Referring now to FIGS. 2 and 3, it will be noted that the door panels 10 and 12 comprise door side frames 20 and door upper and loer frames 22. All of the door frame portions, whether side frames or top and bottom frames on both panels 10 and 12 are formed of an identical extrusion typically being formed of extruded vinyl plastic material.
Each of door panels 10 and 12 include glazing in the form of a glass panel 24. As illustrated, the glass panel 24 consists of two spaced apart glass panes 24a, 24b, being formed in a manner well known in the art as a sealed glass thermal panel. Other materials such as plastics may also be used.
While only two such glass sheets are shown, it is well known that more such glass sheets may be provided to provide a greater thermal barrier. Conceivably, however, if such sliding door is used in a situation where the thermal conductivity is not a problem, then a single panel or sheet of glass could be used.
As shown in FIGS. 2, 3 the extrusion of the door frame comprises a main or inner four-sided box member comprising side walls 32, 34, and end walls 36, 38, which are all extruded as a single intergral four-sided box-like structure.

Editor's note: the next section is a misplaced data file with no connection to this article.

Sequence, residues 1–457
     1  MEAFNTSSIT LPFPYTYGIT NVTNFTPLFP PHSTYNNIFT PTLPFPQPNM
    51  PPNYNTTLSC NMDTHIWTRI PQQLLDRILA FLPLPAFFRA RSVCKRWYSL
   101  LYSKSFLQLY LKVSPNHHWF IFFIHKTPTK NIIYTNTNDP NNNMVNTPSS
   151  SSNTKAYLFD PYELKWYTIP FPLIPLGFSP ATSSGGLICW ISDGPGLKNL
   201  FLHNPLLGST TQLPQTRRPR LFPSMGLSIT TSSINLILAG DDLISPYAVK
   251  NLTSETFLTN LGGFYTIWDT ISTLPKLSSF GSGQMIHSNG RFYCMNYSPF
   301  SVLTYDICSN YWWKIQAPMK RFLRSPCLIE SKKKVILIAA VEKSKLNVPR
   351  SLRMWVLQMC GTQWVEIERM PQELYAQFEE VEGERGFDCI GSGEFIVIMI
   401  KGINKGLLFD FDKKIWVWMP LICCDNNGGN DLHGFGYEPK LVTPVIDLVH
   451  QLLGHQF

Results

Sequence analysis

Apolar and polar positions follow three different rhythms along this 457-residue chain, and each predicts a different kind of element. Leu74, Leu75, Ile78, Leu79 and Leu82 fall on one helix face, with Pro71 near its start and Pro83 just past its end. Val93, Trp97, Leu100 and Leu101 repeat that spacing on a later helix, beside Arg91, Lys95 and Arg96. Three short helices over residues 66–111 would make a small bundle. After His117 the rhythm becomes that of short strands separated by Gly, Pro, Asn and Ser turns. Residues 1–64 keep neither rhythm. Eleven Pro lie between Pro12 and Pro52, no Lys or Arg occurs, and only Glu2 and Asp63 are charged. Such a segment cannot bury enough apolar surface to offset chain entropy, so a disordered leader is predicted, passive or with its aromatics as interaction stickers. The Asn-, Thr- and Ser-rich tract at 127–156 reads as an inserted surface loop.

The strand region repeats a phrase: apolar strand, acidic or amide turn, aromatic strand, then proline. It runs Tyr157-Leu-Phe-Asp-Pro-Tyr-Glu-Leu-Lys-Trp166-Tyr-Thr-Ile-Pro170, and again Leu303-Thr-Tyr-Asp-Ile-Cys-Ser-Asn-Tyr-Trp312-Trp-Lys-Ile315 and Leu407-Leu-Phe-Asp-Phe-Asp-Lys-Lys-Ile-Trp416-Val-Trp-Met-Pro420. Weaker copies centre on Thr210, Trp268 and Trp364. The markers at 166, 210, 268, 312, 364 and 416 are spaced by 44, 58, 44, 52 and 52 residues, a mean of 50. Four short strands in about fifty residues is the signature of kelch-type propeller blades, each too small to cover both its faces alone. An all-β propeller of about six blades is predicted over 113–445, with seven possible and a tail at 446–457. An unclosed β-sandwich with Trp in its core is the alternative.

A side channel comprising side walls 40 and 42, and end wall 44, is extruded integrally with the end wall 38.
Inner and outer facing walls 46 and 48 are formed in parallel spaced apart planes and are joined to respective side walls 32, 34 and 40, 42 by means of intermediate spaced apart junction walls 50 and define tubular enclosures.
The outer facing wall 48, and the side wall 42 are extended beyond the limits of end wall 44, to provide a ledge portion 52, against which the glass panel 24 may be laid for glazing.
The inner facing wall 46 and the channel side wall 40 tegether define a retaining channel 54. Channel 54 receives a retaining strip 56, adapted to abut on the inwardly facing surface of the glass panel 24.
Suitable seals (well known in the art) are provided on either side of the glass panel.